Referring to the death of Devotion, dam f ThfW'* *"?«* special >mmSssioner of the London Sportsman ■riteV:—Devotion was dae of the very >w mares that have ever attained stud icces3 by being constantly mated with ie same horse, and even her case proves ie unwisdom of any such system ofl&tiag, for the best came first and the scond best second, and then after Clairaux decadence set in- Beyond question i niy humble opinion the late Lard fiallouth's principle of never sending mares •peatedly to the same horse is one that 11 prudent stud masters should observe. Thus & London correspondent:—ln the rindow of their establishment In Regent treet the Stereoscopic Company exhibit larpe photograph of a group cqsnpo«ed [ the pugilist* Hall, Mitchell, and Mcittliffe, and poor Mr Baird. The latter is iDghiDK, hi* hair is dishevelled, aad iitnd his neck is Hall's left arm. Upon the lartrin of the picture the "celebrities a-nes are given, Mr Baird beieg called Squire Abiagton.* , Is there not lefc omeone with sufficient respect lor the lemory of the poor young gentleman to uy up these pictures of Che Stereoscopic eople, and then bura them!" Iα his "Racine Notes" in London Jteieh Captain Coe writes:—"UaUke lanr of oar light-weight jockeys, little tradferd has nod been spoiled by success, nd, unless I am much mistaken, this lad !U9 a bright future before him, a* he ha-s a trongner7e, a good eye, atid i* a capital udge of pace. Bradford's father has been n the service of Mr Jennings, jun., fer orae years, and to thie circumstance is !ue the fact that the boy has risen so high a his profession, tie Mr Jeiininga left no tone unturned iv his early trainiug that rouid help to his future success. Olteu <ras the boy allowed to have a mount und ose to Rive* him confidence, when perhaps n older jockey might have got the horse list past the post. Mr Jennings has 'eatured the remark that a Rood ockey is better than a good race lorse ; and no wonder, seeing that he has eceived and sometimes £500 as i retainer for the boy. I aaa glad to learn hat 3radford will receive a good round urn as a present from his master when Li* time is up, and no doubt, he will then :et olenty of offers from leading owners. le "is a good-tempered lad, and fond of >ractical joking but his heart Is always m iU work, aad he is as straight as a gun>arrel. . ■ ■ Deadlock, the dam of Isinglass, has a ilstory. Being at Crichel some years ago, Japaia Machell, after looking over the >rood mares, was assured by Lord AUng,on that one of the worst was Deadlock, md that anybody might take her for £20, Che captain paid the money on the spot, md Lord Alington gave him a golden lovereign back for lack. The mare was Hissed oa with four others by the captain ;6 hie brother-in-law in Lincolnshire, and lome time afterwards, finding her in bad sonditlon, the owner of Bedford Lodge ;ook her home again and sent her to iaonomy. He soldlxer when In foal to Mr H'Calmont for £500—no extravagant price :on«lderinß the fee of £200—and her jffaprlnpc was eventually Islington, whiea more than pjtfd his way. In 1»8 he mare went to Graf ton and bore a Jlly—Craftiness. In XBB9 she visited [sonomy, and had the following year Csfnglasa. In 1890 she went to Satiety and iad a chestnut filly—Strike—now two Fears old. Deadlock herself died thie spring, and Islington is one of the rankest roarers of modern days—as bad a horse possibly as his brother is a good one, . . The Dowager Duchess of Montroae has lately lost the mo.cc famous mare in her sfcud, as Devotion, the dam of Thebaic, St. Marguerite, ClairvauX, and ofcher good tioraes, died in the middle of May after foaling. .Devotion, who was by Stockwell— Alceatia by Touchstone—Sacrifice by Voltaire, was bred at the Acton. Btiud in 1869, and she co»t tho late M* Stirling Crawford no more than 75gs. Not of much value as b. racehorse, she has, on the contrary, been of great service at the stud, for not only has she had a foal every year since 1870, with four exceptions, but she has, as mentioned above, bred Thebaic, St. Marguerite, and Clairvaux, who would of themselves suffice to confer celebrity upon any mare. These three were all by Hermit, with whom Devotion unquestionably nicked best, Sfc. Honorafc, who was sold for 4000ge as a two-year-old, and three or four other winners being also by Mr Chaplin's famous sire. Her four-year-old daughter Adoration is-still in training, while she leaves behind her a, two-year-old filly by St. Simon that has nob yeb run, and a colt foal by ghoen, in giving birth to which ehe dii'd, and which, it is hoped, may be brought up by hand. "" ''Aemodeus*' in the Liadsr writes " Were any special evidence required ia support of an opinion 1 have on more than one occasion exyreseed Iα these columns teUflve to Renetal •meijtocjif.y of fltis season's three year olds as well as the comparative inferiority of our leading weight - for - age horses, the principal handicaps of the season afford overwhelming testimday on this point, prominent weight for ace exponents such as Camoula* The Admiral and Buogebah being conspicuous by their failures in handicap company. By winning the Epsom Handicap Daredevil struck the firat decisive blow Of the season, but like Althotaa, who captured the Metropolitaa, he failed to repeat) the same form at any subsequent stage of the campaign. This remark is similarly applicable to the winners of the Caulfleld and Melbourne Cups; Paris and Gleiilotb, neither of which succeeded in distinguishing themeelves after their spring contests. Both victories were achieved at the of incongruous form, priorly aad posteriorly. Piioc Boy, winner of the (Harrington Stakes, and Little Bernie, who won the Summer Cup, were likewise only capable of one really good effort.; yet neither of their triumphs approached in point of sensationalism the victory a? the Erratic Chatham in TattersaU'a Cup, ITar ancl away the moat consistent; performer of the season is the Tantnanian galloway, Hopetoun, whose uniform running ttecured him a couple of rich prizes in the Hotham and Bagot Handicaps, iv addition to minor victories on suburban courses. Toe two big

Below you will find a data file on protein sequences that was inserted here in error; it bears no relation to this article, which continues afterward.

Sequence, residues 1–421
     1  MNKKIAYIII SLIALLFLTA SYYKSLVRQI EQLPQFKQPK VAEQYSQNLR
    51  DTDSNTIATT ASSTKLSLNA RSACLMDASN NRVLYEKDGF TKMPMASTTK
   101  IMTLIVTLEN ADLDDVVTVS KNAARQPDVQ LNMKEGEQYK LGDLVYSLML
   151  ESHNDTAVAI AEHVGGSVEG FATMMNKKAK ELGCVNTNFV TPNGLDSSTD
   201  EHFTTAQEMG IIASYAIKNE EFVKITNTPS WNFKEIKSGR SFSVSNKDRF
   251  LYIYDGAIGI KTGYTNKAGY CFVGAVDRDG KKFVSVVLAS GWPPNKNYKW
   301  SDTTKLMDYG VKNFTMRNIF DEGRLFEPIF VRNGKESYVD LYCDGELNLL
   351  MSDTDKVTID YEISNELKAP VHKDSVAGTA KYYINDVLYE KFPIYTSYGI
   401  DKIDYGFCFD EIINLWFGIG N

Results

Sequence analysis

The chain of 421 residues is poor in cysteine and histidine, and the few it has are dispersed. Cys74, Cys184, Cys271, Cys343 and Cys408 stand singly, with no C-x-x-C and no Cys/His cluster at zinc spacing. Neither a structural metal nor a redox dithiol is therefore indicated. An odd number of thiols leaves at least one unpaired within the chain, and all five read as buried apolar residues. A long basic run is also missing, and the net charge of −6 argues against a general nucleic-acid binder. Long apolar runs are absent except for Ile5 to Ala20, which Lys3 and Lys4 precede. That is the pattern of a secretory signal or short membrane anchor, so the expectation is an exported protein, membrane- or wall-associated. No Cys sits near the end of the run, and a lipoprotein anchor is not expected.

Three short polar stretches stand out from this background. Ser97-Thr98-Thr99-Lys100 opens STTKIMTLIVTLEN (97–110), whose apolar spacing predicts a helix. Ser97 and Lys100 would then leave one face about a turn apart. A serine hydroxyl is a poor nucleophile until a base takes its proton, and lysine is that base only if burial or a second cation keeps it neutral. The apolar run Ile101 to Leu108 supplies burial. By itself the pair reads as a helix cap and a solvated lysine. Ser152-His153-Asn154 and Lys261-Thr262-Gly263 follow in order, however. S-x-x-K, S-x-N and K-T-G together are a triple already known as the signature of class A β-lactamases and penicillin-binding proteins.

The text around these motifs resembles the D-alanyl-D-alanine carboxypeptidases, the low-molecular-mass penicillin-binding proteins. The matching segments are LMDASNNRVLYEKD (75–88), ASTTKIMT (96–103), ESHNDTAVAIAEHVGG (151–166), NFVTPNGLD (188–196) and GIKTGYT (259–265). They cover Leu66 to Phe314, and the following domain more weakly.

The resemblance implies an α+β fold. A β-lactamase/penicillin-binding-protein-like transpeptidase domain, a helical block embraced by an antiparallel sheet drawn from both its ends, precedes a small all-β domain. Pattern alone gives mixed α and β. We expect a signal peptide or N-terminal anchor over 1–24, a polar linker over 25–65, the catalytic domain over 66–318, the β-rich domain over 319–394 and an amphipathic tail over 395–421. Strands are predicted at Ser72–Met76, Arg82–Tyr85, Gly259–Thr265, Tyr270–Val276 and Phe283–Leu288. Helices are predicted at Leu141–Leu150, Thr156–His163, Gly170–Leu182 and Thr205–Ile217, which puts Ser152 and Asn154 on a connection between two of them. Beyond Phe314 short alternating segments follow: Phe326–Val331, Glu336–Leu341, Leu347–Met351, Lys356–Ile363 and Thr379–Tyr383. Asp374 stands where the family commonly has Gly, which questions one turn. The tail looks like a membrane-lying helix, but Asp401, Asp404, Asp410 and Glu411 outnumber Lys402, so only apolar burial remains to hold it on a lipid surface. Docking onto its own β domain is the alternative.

autumn handicaps at Flemington saw a pair of capable performers assert themselves In Fortunatus and Portseo, whilst the subsequent doings ar Rand wick were potable for the remarkable development of form on the part of Realm and-Ore: morne, the last named having, since testified to the authenticity of his Doncaster Handicap victory In a mGst coa* vincing manner.